Nancy Cummings darted between her patients and her computer Thursday morning, waiting on word from the U.S. Supreme Court.
Just after 10 a.m. a friend texted her.
"For the average Mainer, it's a victory," said Cummings, an orthopedic surgeon at Franklin Memorial Hospital in Farmington and president of the Maine Medical Association.
In a much-anticipated, much-speculated 5-4 ruling, the U.S. Supreme Court upheld much of the Patient Protection and Affordable Care Act and its requirement that every American have insurance or pay a price.
Maine Attorney General William Schneider, one of 26 attorneys general who sued to stop it, found pockets of victory in the results: The court's majority ruled that Congress couldn't compel Americans to buy health insurance under the Commerce Clause but that the penalty for not having insurance amounted to a tax, which is allowed. It also took away the federal government's ability to threaten existing Medicaid, (MaineCare) funds if a state opted not to expand its program and accept new ACA money.
"I think the average Mainer can feel good about it, that the federal government is a government of limited powers, that the government can't step in and push Maine around as they were trying to do," Schneider said.
Maine Gov. Paul LePage called it "a sad day."
As news spread and people worked through the 193-page ruling, it was clear details remain to be sorted out, including what health insurance exchanges will look like and exactly what it will mean for Maine.
Rep. Sharon Treat, D-Hallowell, suggested the state budget would have to be revisited: It was balanced, in part, she said, on millions in anticipated savings from the ACA being overturned and more people moved off MaineCare. The other way to cut those rolls would be with a federal waiver, something the state has been told will be hard to come by.
"We passed — the Legislature, not including Democrats — passed a budget that was totally a house of cards," Treat said on a conference call with reporters.
She questioned whether Maine has time to set up a health insurance exchange, a means of comparing plans, finding out about subsidies and buying insurance.
"The law says the states have to tell the federal government by November (about plans), but even if they shifted that date, we haven't done what we need to do," Treat said. "This is a functioning thing that needs to work, both on the Web and behind the scenes. Just look at our current computer problems at DHHS. I don't think you're going to get that up and running in the space of a couple of months."
Barring a state exchange, there will be a national exchange come Jan. 1, 2014. "It's just not going to be tailored the way we might want to do it," Treat said.
In a written statement, LePage called the ruling a "massive overreach" that infringed upon the American Dream.
"This decision has verified what President Obama has refused to admit all along, which is to say this law is an enormous tax on the American people," he wrote. "The federal government can force you to do or buy anything, as long as they call it a ‘tax.’ This massive tax hike will only destroy the American economy as it forces us over the financial cliff."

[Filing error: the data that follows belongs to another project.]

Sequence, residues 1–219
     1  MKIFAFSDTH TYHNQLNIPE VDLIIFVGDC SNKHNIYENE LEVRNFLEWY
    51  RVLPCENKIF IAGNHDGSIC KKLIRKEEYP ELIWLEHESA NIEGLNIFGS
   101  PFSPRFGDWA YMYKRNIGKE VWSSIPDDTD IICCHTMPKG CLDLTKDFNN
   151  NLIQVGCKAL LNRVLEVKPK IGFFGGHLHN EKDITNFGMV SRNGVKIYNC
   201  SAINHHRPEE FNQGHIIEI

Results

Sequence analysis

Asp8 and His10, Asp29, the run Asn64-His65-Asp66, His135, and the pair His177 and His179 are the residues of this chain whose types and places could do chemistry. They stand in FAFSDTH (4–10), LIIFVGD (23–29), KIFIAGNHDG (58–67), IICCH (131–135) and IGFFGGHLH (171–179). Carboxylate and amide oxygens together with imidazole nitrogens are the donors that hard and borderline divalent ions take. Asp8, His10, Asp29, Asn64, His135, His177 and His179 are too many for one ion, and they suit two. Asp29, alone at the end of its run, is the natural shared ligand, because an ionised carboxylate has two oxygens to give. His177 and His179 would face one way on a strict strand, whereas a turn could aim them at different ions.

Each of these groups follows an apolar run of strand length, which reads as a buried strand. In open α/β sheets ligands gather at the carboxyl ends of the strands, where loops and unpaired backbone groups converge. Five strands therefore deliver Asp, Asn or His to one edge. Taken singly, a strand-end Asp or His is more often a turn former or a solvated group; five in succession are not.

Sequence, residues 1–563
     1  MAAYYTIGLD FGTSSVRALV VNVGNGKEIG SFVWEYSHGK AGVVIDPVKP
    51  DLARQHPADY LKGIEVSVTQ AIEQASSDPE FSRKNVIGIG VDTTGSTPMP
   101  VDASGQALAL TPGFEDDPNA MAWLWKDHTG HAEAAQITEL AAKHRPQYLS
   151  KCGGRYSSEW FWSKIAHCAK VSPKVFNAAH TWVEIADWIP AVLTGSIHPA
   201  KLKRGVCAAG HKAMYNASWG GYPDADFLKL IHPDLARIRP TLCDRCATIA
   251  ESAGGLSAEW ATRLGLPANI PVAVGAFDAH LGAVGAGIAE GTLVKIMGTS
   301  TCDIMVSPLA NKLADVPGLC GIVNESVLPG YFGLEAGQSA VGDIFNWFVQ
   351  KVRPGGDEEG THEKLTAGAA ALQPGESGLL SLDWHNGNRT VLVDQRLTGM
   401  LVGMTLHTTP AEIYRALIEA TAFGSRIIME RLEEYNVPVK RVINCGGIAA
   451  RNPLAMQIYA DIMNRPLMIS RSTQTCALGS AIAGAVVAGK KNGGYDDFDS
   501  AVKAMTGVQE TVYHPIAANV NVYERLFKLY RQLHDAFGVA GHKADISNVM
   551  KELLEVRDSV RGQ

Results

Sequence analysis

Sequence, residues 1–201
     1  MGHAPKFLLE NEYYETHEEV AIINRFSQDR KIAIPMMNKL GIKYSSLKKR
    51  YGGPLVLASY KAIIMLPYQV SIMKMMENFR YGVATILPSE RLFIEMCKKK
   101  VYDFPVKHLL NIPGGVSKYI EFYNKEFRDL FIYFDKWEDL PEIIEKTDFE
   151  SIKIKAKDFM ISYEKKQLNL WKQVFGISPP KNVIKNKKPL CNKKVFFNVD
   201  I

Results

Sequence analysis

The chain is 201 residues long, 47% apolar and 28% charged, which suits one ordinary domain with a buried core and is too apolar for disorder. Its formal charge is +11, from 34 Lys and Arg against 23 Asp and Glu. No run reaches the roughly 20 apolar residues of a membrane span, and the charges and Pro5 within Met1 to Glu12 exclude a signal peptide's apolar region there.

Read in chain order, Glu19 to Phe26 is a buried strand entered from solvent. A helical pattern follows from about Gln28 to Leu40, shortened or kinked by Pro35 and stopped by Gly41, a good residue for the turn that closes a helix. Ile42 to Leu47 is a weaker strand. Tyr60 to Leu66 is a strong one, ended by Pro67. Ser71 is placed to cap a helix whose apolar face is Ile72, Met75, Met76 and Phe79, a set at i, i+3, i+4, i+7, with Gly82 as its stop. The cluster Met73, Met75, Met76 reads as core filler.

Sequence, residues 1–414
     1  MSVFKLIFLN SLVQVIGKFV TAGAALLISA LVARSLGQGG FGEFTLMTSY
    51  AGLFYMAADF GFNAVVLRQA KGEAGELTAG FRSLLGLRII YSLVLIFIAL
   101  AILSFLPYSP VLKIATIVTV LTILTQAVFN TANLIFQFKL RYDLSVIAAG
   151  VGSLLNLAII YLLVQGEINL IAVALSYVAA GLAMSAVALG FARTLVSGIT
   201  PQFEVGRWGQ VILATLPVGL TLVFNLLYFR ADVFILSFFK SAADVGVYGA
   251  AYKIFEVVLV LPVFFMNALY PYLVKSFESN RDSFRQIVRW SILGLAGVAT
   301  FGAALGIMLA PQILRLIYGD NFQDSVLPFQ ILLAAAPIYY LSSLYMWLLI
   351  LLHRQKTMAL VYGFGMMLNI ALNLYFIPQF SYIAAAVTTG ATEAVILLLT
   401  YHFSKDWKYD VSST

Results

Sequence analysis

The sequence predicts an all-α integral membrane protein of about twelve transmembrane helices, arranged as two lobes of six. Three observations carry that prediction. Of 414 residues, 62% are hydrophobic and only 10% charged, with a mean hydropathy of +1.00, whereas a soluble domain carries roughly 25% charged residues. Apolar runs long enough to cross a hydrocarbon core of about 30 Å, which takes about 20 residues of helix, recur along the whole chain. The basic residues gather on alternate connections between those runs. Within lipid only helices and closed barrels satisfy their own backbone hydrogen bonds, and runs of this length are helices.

Steven Michaud, president of the Maine Hospital Association, said cuts to Medicare reimbursement already under way to implement "Obamacare" are expected to cost Maine hospitals $900 million over the next decade.
"There are good things in it, but it was a very tough pill to swallow because we're already paid so poorly under Medicaid," he said. "The theory is hospitals will benefit from the expansion of coverage, 30 million nationally, but what our concern has always been, well, we know for sure the Medicare cuts are in because they're already phasing in now. We better hope like crazy more people are covered. That would in theory provide more revenue."
According to the U.S. Census Bureau, 129,000 people in Maine have no health insurance, which works out to one of the lowest rates in the country.
The individual mandate will bring more healthy people into the insurance market, which is a good thing for the system, said Andrew Coburn, professor of public health at the University of Southern Maine's Muskie School of Public Service.
"The biggest question mark is the Medicaid expansion provision (in) what I've seen so far," he said. Whether to go ahead and expand MaineCare and accept new money, "That's a question the Legislature will have to decide post-November."
Cummings in Farmington said more people covered by health insurance means more preventive care.
"Prevention is better than cure, anytime," she said.
She said she was surprised by Thursday's ruling.
"If you listened to the hearing, which I did, you were not overly optimistic," Cummings said. "It kind of renewed my faith in the system."